After closures and limited attendance, Disneyland and Walt Disney World are beginning to reopen to the public. To celebrate, we created this series examining how the best practices at Disney Parks can also inform your digital products. Enjoy part one below, and stay tuned for part two coming soon!
Transforming moments from zero to hero
As creators of digital solutions for diverse industries, from farming to entertainment to healthcare, much of our strategic thinking at Apply Digital focuses on how users will experience the apps we deliver. It all starts by solving the challenges of seamlessly executing high-priority tasks within an app, guiding our creation of the overall user experience (UX).
But in the app development world, we notice that certain aspects of the UX often get little, if any, strategic attention. We’re talking about those mundane processes like registration, loading screens, onboarding tutorials, and help screens that are vital to making a good first impression.
Injecting some life into these bland processes means taking cues from the real world — from companies doing the work to turn something boring into something memorable.
Disney — a company we often look to for inspiration — successfully turns lackluster physical experiences in their parks into something special. Waiting in line, registering, completing a purchase, or listening to necessary safety instructions become magical moments that guests will want to repeat over and over again, all feeding into a positive customer experience.
Boredom? Not if you're Disney's guest
Throughout each attraction, Disney Parks is a master storyteller, maintaining that delicate balance between the necessary tasks of reality and the ever-important suspension of disbelief. They deliver fully immersive experiences unparalleled anywhere else in the man-made world.
If you peel away the flash and sparkle of the Disney customer experience and catch a glimpse of how things work behind the scenes, you’d see a well-oiled machine — one that’s been tested, tweaked, polished, and pushed to its ultimate limits, all before it enters into the realm of park guests.
We know that the most tedious part of any theme park is waiting in line — especially for the more popular attractions that can see wait times up to two hours or more. Throw in a few cranky, tired, hungry kids (or adults) into the mix and you’ve got a recipe for disaster and a potential customer experience nightmare.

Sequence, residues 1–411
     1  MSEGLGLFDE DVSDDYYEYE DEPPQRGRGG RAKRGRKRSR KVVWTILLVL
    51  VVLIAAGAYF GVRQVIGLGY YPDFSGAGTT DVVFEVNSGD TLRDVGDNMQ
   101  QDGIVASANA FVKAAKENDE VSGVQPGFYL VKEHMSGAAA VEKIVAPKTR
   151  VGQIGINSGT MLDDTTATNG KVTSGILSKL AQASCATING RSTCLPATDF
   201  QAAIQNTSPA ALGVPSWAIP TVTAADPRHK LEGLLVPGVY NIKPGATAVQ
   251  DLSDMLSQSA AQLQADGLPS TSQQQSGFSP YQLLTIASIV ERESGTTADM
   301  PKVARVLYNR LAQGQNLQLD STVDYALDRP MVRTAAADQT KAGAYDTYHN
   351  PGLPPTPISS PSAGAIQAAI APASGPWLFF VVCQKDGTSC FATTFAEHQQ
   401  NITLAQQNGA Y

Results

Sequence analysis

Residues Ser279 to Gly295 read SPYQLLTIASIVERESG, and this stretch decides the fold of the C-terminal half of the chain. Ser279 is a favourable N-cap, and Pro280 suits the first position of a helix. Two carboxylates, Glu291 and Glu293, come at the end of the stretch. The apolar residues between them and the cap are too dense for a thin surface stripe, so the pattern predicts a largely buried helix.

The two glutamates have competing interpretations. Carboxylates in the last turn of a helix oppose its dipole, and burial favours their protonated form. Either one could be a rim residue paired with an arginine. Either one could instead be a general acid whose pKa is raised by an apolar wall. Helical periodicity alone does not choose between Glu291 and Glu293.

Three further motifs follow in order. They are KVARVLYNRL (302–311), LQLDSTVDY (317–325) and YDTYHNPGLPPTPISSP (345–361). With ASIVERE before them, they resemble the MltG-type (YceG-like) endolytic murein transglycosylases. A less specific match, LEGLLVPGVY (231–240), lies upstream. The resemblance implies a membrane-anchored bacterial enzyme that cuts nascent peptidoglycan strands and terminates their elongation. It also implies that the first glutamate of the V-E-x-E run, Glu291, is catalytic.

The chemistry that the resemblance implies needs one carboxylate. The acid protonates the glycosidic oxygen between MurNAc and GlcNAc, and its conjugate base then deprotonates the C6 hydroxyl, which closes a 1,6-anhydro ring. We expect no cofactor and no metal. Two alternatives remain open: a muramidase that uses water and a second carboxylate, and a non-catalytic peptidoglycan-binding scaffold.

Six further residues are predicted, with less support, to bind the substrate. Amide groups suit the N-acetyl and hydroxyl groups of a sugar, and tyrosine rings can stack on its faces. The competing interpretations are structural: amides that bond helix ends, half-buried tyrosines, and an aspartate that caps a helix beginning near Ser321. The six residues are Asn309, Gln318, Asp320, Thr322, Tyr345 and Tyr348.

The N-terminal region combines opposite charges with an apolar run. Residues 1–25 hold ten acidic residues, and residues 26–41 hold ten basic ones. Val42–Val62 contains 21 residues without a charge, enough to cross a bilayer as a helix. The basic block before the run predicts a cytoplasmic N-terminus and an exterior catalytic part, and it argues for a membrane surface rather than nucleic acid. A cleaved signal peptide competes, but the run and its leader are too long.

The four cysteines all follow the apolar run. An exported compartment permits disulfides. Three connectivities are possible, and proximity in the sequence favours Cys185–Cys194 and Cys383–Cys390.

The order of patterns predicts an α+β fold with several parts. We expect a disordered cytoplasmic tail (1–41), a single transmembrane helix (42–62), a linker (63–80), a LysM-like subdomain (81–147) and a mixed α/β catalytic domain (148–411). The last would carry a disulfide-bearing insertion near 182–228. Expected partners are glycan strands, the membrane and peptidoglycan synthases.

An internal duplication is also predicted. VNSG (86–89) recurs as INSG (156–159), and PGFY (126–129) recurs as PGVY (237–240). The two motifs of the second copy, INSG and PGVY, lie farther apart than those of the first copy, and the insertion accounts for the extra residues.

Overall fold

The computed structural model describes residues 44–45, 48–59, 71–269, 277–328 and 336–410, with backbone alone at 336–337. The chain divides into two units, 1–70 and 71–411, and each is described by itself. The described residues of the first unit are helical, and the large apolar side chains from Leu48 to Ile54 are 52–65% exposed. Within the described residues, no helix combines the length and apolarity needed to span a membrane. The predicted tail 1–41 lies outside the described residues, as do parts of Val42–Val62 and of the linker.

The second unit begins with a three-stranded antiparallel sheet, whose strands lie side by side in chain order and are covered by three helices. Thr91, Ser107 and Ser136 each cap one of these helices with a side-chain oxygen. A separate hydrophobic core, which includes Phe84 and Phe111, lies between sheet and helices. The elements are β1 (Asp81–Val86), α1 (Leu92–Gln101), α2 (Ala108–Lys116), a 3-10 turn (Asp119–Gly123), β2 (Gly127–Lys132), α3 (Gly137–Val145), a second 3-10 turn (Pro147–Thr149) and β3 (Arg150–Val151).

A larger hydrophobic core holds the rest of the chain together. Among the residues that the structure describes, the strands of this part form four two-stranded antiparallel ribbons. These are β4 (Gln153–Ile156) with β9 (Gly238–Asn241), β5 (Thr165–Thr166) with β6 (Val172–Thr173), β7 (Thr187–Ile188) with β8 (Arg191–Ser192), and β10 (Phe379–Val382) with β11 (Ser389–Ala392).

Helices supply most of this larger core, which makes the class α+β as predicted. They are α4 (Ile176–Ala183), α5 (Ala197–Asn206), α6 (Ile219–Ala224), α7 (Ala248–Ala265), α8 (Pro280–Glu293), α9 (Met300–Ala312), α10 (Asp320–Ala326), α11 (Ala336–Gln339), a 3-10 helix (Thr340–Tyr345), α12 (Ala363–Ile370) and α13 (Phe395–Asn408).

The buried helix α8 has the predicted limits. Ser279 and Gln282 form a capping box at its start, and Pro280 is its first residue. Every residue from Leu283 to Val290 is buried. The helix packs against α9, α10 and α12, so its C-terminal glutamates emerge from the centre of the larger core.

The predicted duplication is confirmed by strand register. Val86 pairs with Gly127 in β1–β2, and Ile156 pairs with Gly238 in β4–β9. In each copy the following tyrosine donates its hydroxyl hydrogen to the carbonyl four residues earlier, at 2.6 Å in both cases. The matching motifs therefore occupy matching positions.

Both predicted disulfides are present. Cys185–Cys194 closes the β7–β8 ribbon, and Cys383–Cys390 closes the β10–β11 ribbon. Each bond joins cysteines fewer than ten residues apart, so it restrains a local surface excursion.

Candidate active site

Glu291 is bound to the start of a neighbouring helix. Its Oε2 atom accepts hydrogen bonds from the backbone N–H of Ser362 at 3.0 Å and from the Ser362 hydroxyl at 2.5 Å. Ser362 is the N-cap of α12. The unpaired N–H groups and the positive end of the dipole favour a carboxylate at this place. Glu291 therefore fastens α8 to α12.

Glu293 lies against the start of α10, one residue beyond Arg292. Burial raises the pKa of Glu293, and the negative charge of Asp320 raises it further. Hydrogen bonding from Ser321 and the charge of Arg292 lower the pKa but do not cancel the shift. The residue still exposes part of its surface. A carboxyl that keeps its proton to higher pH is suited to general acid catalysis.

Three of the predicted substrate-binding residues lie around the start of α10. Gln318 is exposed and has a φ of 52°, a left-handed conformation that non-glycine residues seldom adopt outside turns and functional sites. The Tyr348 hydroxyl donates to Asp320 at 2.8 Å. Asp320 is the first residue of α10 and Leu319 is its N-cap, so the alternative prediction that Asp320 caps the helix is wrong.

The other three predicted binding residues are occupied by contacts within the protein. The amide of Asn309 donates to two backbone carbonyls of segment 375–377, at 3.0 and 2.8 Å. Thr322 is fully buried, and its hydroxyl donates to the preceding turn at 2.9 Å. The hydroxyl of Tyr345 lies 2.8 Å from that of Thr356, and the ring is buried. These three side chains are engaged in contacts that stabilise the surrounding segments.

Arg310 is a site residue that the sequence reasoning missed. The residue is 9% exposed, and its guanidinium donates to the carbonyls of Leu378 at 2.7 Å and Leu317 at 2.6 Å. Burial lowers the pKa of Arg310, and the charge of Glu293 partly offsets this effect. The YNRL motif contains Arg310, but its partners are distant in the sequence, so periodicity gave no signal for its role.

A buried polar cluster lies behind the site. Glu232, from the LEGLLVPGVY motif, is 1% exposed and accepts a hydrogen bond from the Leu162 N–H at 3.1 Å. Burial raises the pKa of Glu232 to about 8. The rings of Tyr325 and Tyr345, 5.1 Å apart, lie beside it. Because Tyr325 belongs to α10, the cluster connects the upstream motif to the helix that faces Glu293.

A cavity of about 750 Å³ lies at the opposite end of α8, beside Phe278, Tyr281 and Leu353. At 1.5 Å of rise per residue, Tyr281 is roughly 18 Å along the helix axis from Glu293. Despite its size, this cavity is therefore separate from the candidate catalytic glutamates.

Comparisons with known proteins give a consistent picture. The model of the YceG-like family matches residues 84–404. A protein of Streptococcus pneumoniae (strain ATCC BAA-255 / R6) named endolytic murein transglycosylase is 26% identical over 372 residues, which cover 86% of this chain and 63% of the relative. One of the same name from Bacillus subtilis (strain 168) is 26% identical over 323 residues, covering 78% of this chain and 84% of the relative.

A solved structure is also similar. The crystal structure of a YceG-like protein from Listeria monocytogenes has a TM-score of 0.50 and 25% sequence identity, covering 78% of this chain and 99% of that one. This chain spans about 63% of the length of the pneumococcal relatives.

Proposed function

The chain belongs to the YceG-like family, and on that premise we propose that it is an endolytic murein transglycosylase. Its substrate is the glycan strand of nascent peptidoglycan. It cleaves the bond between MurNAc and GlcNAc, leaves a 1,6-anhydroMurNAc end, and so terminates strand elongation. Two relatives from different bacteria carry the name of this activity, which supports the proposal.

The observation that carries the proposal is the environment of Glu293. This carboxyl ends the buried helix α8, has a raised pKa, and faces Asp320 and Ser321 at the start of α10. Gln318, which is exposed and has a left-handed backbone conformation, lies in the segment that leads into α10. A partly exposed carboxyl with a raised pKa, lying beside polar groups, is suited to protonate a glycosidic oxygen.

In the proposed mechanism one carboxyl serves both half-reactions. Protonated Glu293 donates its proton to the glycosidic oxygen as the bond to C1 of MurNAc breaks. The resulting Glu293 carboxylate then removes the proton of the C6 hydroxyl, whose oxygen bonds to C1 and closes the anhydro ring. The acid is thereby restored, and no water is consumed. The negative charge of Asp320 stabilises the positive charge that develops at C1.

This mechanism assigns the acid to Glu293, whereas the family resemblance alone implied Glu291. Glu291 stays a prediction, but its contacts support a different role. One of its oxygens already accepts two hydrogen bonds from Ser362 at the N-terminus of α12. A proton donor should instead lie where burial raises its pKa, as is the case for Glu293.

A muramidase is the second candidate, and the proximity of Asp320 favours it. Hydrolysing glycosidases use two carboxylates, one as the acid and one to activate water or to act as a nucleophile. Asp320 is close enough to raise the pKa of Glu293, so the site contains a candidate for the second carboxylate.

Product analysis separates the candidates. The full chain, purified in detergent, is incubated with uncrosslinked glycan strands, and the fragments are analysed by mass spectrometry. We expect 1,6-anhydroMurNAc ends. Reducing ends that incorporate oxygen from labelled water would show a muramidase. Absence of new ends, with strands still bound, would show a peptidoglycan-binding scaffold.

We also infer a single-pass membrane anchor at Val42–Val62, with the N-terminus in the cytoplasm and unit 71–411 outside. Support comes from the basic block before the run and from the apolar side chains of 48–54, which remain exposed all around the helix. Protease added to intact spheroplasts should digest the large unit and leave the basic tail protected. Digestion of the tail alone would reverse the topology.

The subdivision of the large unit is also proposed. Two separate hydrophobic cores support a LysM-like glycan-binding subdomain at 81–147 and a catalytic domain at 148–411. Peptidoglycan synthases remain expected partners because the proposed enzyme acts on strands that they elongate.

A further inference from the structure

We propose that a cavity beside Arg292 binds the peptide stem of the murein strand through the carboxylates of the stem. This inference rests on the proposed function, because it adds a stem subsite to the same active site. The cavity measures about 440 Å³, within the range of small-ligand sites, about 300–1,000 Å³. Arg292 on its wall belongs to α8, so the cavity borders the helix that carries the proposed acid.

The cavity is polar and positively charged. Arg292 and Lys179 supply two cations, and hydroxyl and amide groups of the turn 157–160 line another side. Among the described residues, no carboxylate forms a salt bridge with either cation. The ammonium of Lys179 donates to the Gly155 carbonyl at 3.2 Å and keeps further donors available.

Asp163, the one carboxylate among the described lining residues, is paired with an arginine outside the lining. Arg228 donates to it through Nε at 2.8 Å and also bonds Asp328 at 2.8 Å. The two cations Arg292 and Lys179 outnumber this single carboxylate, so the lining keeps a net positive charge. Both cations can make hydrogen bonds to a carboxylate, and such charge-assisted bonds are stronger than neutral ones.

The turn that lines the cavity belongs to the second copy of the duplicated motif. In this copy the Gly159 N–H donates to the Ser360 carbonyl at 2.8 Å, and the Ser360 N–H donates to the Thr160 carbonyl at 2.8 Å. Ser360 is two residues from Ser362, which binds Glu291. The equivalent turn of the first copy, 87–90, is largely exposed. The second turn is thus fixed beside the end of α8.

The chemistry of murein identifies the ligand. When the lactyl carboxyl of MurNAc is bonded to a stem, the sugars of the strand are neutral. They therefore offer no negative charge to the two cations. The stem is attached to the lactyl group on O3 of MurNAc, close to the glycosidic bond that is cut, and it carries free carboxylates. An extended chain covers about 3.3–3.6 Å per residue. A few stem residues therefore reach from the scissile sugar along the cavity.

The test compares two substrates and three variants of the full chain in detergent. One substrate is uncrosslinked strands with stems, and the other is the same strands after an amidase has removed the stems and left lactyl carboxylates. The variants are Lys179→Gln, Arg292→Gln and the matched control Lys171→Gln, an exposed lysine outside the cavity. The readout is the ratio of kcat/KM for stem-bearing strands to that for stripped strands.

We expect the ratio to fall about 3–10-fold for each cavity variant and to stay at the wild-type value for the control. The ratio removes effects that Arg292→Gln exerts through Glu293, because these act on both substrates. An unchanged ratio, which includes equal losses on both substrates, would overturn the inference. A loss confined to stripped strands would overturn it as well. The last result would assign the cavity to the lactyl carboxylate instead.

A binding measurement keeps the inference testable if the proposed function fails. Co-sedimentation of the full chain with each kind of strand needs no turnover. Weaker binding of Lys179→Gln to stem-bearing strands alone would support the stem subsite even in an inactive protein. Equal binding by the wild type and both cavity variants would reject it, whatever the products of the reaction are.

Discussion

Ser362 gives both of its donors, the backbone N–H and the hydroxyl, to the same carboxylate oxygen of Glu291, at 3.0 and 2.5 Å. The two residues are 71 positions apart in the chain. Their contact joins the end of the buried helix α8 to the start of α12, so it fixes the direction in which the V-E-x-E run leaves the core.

Thankfully, Disney Parks knows how to distract you from those long wait times — and to make these experiences less painful. Take the Tower of Terror and Seven Dwarfs Mine Train attractions. Disney extends the ride experience into the waiting area through atmospheric details, ride decor, and fun interactive panels guaranteed to keep you busy as you meander through a lineup.
Photo by the Orlando Informer: Pandora’s Flight of Passage “Decontamination” queue prior to boarding
Pandora’s Flight of Passage takes it even a step further by making waiting in line a part of the ride experience. Riders load into a decontamination chamber where they video conference with scientists who walk them through heavily themed ride safety tips and instructions. This storytelling-based onboarding tutorial turns a typically uninteresting experience into one that sets the right atmospheric tone and expertly ramps up the riders’ anticipation factor. After all, this was a queue that was designed to support a six-hour wait time.
Taking it one jump ahead
In 2017, Disney got even more ambitious, introducing the Disney Play app, featuring games designed to be played while waiting in a specific queue. For example, if you’re in Toy Story Land and stuck in Slinky Dog Dash’s line, you can pass the time playing Andy’s Board Game Blast! with up to five people.
And if you’re visiting Star Wars: Galaxy’s Edge to ride Smuggler’s Run, the game is dependent on the physical environment around you, giving you clues, answers, and reacting to actions you take in the app.
Taking inspiration from these real-world customer experiences to create parallels in the app world, we can inject experience-boosting and storytelling elements into ho-hum app processes through visuals, content, and attention to design.
Making Disney magic part of our everyday world
Drawing upon your app’s customer-centered themes and goals to build polished processes supported by UX best practices and simple storytelling will create a compelling first impression. Set the scene and anticipate the app experience by weaving its customer benefits into the introductory processes. Here are a few ways:
Loading screens: Add quick animations of how core features of UX elements work and highlight the customer benefits of these features where possible
Registration and app set-up: Pay attention to visuals to ensure they create the right atmosphere and follow the UX cues of the app itself, whether it’s a task-oriented app or an entertainment experience
Onboarding tutorials: Upgrade them beyond dry, instructional how-to processes by selling a simple story — how someone like them used the app to successfully accomplish important tasks
Explaining new features: Get your user in the mix and have them actually execute the task with your guidance (that sweet taste of success will make you and the user in the process)
Product development road-mapping: Don’t leave these seemingly insignificant pieces of the user experience to the last minute! Build them into your product development roadmap so they can get the attention they need
Done well, these enhancements invite users to stick with the app through the otherwise mundane moments, even if they encounter a blip along the way. A good first impression and attention to detail show your users it’s worth investing their time, their device storage, and even their money into your app.
For help building or improving your app, contact us at firstname.lastname@example.org.